Lexonomy will have a special relationship with the Sketch Engine corpus query system. Together, Sketch Engine and Lexonomy will provide support to lexicographers along the entire pipeline of producing a dictionary, from corpus to screen.
There are two ways of connecting corpus query tools to dictionary writing tools: (1) the push model in which the user of a corpus query tool, while extracting data from a corpus, "pushes" automatically generated entries into a dictionary writing tool for editing later, and (2) the pull model in which the user of a dictionary writing tool, while editing a dictionary, "pulls" data from a corpus, for example to populate an entry with automatically extracted example sentences. Both models will be implemented in Lexonomy and Sketch Engine.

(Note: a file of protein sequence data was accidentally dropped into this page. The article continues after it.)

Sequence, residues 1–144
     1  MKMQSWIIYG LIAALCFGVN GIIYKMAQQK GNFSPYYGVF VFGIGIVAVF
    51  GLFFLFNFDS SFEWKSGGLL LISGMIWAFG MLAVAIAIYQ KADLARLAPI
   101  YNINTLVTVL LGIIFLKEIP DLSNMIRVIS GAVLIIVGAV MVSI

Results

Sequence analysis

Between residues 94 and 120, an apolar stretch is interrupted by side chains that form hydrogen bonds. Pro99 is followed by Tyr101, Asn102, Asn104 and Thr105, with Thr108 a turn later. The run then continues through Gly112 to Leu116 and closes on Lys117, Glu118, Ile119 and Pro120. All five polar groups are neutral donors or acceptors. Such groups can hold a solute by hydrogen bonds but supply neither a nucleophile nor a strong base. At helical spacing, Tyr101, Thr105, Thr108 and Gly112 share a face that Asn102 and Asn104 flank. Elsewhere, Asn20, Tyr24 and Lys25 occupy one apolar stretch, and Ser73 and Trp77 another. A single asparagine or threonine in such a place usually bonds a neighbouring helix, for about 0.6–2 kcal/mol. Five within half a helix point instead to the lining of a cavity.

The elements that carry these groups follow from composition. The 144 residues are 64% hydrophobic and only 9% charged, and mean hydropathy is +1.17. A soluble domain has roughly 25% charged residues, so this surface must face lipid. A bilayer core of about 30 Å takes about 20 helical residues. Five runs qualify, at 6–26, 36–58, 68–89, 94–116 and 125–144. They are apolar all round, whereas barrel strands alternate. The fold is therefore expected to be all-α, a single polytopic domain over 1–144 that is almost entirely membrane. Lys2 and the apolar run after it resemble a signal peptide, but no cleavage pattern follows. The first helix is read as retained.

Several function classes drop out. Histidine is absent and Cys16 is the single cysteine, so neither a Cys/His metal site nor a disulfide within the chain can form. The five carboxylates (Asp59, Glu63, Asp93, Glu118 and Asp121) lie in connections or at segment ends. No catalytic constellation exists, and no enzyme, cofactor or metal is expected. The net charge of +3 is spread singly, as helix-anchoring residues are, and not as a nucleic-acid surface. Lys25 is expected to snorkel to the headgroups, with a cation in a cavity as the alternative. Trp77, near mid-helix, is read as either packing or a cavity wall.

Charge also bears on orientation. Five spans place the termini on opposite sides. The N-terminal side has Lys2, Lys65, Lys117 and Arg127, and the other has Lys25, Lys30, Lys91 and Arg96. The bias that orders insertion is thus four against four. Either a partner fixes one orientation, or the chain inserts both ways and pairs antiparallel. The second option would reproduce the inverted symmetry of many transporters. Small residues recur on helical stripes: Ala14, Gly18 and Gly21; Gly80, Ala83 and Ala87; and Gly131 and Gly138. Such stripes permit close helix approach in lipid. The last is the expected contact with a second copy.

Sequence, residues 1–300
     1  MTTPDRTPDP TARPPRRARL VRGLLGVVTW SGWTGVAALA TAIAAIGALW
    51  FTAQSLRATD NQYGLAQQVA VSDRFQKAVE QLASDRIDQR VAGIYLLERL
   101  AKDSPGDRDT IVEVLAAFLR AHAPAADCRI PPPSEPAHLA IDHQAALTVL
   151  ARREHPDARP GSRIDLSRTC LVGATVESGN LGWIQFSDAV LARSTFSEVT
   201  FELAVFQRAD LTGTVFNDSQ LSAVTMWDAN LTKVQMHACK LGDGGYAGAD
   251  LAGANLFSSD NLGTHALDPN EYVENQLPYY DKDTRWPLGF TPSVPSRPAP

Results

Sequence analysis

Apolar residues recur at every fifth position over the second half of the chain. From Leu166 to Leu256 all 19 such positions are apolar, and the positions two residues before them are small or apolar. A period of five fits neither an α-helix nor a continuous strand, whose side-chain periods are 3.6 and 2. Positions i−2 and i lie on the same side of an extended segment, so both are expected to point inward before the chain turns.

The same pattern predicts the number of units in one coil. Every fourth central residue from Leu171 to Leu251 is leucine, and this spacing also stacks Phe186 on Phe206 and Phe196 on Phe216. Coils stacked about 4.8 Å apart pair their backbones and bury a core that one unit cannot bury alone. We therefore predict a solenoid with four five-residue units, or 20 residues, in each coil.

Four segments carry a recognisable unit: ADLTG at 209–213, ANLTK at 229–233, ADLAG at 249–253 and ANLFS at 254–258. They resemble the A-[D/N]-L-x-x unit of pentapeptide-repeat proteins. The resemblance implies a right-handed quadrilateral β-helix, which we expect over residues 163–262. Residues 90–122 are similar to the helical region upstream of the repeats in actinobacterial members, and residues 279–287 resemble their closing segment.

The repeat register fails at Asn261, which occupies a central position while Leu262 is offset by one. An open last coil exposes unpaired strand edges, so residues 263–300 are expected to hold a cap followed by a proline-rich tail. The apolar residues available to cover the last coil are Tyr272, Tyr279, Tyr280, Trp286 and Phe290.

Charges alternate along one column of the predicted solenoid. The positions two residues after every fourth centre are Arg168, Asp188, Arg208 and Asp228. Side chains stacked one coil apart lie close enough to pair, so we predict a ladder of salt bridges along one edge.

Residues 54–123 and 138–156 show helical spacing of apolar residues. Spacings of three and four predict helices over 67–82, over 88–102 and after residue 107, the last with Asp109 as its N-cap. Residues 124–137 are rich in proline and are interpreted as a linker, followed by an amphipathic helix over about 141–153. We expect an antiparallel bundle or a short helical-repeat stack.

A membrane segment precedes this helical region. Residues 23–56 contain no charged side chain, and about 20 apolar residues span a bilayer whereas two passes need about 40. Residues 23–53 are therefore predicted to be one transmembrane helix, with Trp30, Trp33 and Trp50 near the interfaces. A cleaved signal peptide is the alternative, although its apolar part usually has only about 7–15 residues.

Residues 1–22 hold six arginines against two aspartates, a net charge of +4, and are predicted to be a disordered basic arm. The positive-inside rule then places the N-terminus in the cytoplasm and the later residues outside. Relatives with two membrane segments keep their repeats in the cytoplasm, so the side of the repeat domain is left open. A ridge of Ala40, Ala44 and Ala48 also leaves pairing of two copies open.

Lexonomy will provide an API through which Sketch Engine users will be able to "push" automatically pre-generated dictionary entries into a dictionary in Lexonomy, either individually for a single entry (using Sketch Engine's tickbox lexicography method) or en masse for a list of headwords. Dictionary administrators will be able to configure this so that the entry structure in Lexonomy matches one of the export templates in Sketch Engine.
From the opposite perspective, Lexonomy will be able to talk to Sketch Engine's API to "pull" fragments of entries into existing entries, such as example sentences, collocates, thesaurus items and translations. This will be done by talking to Sketch Engine's API. Dictionary administrators will be able to configure which entry elements this applies to.